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Zero to zero power

Sorry for asking this simple question, but googling this question yields conflicting answers.
Some say it's indeterminate, other's say it's $1$.

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marked as duplicate by Clive Newstead, amWhy, Jonas Meyer, rschwieb, user1551 Jan 6 '13 at 20:04

This question was marked as an exact duplicate of an existing question.

The answer is "indeterminate and $1$". – Michael Hardy Jan 6 '13 at 22:51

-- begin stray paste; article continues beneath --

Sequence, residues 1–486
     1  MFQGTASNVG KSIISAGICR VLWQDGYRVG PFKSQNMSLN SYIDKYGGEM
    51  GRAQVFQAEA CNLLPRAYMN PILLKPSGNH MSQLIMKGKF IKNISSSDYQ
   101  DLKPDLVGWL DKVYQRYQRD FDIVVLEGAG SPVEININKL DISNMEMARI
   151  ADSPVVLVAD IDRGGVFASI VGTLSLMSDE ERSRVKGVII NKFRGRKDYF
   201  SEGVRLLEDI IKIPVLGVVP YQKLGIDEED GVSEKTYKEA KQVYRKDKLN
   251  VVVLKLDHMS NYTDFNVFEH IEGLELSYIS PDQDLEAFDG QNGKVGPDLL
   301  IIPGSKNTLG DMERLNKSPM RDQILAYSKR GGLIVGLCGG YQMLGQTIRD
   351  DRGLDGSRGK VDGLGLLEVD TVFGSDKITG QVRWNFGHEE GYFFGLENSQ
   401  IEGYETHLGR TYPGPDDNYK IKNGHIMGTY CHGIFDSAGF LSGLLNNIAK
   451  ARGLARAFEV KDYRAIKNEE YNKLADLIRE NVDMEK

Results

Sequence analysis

The short answer: 'yes'. The slightly longer answer: $0^0$ has different meanings in different contexts, depending on whether the power represents the analytical power (defined either through continuation of the function $x^y$ from rational values of $y$ to real values) or the combinatorial power (where $A^B$ is defined as the number of maps from the set $A$ to the set $B$). The 'analytical' $0^0$ is considered undefined because the double-limit $\displaystyle\lim_{x,y\to 0+}x^y$ will yield different values (in fact, it can yield all possible values) depending on what path is taken towards the origin. By contrast, the combinatorial power $0^0$ is taken to be $1$; there is considered to be one map from the empty set to itself, the identity map. This convention substantially simplifies formulas of a combinatorial nature; for instance, the binomial identity $(1+x)^n = x^0+nx^1+{n \choose 2}x^2+\ldots$.

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